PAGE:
The score for BABIES was released on CD by Lakeshore Records (LKS 341422) and is available for purchase at It is also available as a digital download via iTunes.




1. TRON: LEGACY (2010) by Daft Punk - I'm an ardent lover of TRON (1982). I place it among my top twenty-five favorite movies of all time and its revolutionary score by Wendy Carlos is a seminal masterpiece in electronic film music composition.

TRON always seemed to be one of those unique films that couldn't be remade or serialized, especially thirty years after its release. It's a snapshot of a specific time during the evolution of our technological vernacular that I never could have imagined captured again.

When I first discovered a sequel to TRON was in pre-production, I was not the least bit enthused. Too many cherished stories from my youth have been pillaged and plundered by modern filmmakers. I couldn't bear to see TRON "nuke-the-fridge" in an attempt to gain the audience it struggled to find thirty years ago.

When it was announced that the enigmatic electronic duo Daft Punk was going to be scoring the picture, the last remnants of my severely diminished interest waned. I wasn't just disappointed, I was flat out insulted! I'm loathe to accept "outsiders" into this arena of which I give my utmost reverence and respect. Musicians don't always make the best filmmakers. I'm constantly perturbed by the widespread notion that it's automatically assumed they do.

As the release date for TRON: LEGACY approached and I snatched glimpses of the toys, production art, publicity photos, trailers, and even snippets of the music, the mourning continued. I don't know if I already made up my mind that everything about this movie was destined to fail but I certainly wasn't holding out hope.

...and then I saw the film.

It's still difficult to find the words to express what I felt watching this movie for the first time. I struggled to enjoy it, not because I wasn't but because I couldn't. When the film was over I was dumbfounded. I flat out loved it! What surprised me even more was how much I loved the score. At first I couldn't even bring myself to admit it. It was simple, yet brilliant.

The manner in which the music establishes the various expositional elements is its most impressive attribute. "The Son of Flynn," "Recognizer," and "Armory" constitute three of the most successful musical moments in the film primarily because of how well it establishes the complex expositional elements of the narrative. In addition to its functional responsibilities, it also infuses the film with its own unique sense of character. I'm always lamenting the fact that there is a generality amongst all film scores making them sound relatively similar regardless of the story or genre of film it accompanies. The score for TRON: LEGACY can only be the score for TRON: LEGACY. This had always been one of the prime characteristics of Carlos' score from the original TRON that I cherished so it was especially welcome to see that trait migrate over to the new film.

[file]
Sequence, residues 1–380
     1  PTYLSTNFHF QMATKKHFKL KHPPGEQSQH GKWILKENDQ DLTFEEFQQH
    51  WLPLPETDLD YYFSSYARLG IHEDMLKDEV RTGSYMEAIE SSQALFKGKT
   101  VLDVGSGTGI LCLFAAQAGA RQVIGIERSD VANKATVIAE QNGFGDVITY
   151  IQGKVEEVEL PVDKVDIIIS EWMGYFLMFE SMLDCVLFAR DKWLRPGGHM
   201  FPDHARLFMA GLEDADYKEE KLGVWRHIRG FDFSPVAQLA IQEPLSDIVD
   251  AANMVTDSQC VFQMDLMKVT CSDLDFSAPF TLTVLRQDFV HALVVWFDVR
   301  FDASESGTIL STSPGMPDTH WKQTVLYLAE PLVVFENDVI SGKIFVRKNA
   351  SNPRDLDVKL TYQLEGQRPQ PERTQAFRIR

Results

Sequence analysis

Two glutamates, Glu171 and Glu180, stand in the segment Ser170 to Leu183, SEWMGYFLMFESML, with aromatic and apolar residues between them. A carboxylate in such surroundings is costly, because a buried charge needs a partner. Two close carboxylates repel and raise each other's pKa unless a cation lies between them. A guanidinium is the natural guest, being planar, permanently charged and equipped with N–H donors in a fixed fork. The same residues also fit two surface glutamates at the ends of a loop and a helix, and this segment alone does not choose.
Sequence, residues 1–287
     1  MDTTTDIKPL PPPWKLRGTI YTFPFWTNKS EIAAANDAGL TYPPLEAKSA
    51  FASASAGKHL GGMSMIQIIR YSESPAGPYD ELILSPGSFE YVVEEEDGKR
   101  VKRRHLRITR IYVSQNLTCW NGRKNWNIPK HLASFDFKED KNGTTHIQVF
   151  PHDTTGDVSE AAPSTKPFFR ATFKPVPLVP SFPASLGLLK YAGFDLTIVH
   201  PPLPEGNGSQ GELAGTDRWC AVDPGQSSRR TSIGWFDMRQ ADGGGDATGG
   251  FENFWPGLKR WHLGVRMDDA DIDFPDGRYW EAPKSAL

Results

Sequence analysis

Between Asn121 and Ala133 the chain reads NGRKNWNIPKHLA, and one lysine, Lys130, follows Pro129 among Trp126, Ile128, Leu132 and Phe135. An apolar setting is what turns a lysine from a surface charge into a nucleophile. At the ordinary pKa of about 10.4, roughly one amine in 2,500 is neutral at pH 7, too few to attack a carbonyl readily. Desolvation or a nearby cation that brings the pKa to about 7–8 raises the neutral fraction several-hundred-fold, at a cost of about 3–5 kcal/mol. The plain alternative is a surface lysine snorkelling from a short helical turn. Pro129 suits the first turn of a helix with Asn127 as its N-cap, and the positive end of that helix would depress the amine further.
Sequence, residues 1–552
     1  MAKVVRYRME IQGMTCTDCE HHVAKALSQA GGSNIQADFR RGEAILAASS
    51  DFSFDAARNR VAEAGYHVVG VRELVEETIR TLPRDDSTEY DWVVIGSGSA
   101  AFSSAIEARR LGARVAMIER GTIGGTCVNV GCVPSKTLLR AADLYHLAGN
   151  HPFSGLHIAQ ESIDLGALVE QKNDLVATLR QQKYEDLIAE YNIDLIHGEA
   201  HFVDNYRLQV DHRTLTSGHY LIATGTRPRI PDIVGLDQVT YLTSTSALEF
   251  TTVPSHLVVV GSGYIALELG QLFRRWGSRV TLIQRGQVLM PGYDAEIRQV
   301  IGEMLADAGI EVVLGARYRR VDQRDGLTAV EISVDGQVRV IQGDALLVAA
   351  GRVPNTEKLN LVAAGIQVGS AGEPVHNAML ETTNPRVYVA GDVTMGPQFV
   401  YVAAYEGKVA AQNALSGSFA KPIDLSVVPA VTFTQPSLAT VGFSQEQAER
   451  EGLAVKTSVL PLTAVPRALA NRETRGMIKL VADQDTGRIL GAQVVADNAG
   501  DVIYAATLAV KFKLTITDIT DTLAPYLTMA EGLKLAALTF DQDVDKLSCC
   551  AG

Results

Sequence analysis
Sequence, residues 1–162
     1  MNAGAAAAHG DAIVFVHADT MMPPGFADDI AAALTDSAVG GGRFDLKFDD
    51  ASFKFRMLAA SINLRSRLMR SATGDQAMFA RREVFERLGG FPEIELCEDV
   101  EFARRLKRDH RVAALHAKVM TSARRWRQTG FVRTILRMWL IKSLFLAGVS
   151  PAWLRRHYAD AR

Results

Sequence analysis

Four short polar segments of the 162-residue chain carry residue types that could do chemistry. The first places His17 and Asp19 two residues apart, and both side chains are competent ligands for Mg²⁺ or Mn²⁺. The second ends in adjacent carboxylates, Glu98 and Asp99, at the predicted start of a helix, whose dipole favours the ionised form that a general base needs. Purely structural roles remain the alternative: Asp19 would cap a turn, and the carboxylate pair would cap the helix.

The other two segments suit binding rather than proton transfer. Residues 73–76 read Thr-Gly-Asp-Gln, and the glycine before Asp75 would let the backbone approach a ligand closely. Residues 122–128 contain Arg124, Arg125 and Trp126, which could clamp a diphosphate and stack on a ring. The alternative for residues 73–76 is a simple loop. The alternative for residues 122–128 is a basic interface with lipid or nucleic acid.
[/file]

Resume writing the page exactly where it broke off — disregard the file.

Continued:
Just as the visual world of TRON: LEGACY is an extension of the visual world of TRON, so to is its aural counterpart. Carlos' score is mind-bogglingly complex while Daft Punk's score is surprising simple. Considering the technological advancement of The Grid from the first film to the later, it makes perfect sense. The more technologically advanced a society becomes, the more simple it is outwardly observed (or perceived) to be. Carlos' score represented The Grid in its infancy where chaos was more prevalent while Daft Punk's artistic take on The Grid represented the perfect world Clu was close to constructing.

This score, however, is not without its flaws. While the precision of its expositional obligations are acute, I feel there are moments in the film that suffer from lack of development within the music. There are a handful of key narrative instances the music ignored as it bulldozed its way through the story structure. There were other times when it severely flattened out the energy even though the plot was trying desperately to build tension toward the inevitable climax. I chalk that up as a casualty of having first-time film composers score such a complex picture. Although I find these faults fairly egregious, it's not enough to detract from what I feel is a highly successful score overall.

I'm still developing my relationship with this score. Who knows...maybe in a few years I'll look back on this list and ask myself, "What the hell was I thinking putting TRON: LEGACY at number one?" However, I can't deny the torrential impact this score has had on my aesthetic psyche. It's forced me to reevaluate the foundations from which I perceive and experience film music. It's altered my perception of the functional responsibilities of a score and it's reaffirmed my belief in the importance of creating an aural identity for a picture. I learned a lot about myself by embracing this score and for this I am extremely grateful.

Mmmm-mmmm...crow sure does taste good.
The score for TRON: LEGACY was released on CD by Walt Disney Records (D000567202) and is available for purchase at It is also available as a digital download via iTunes.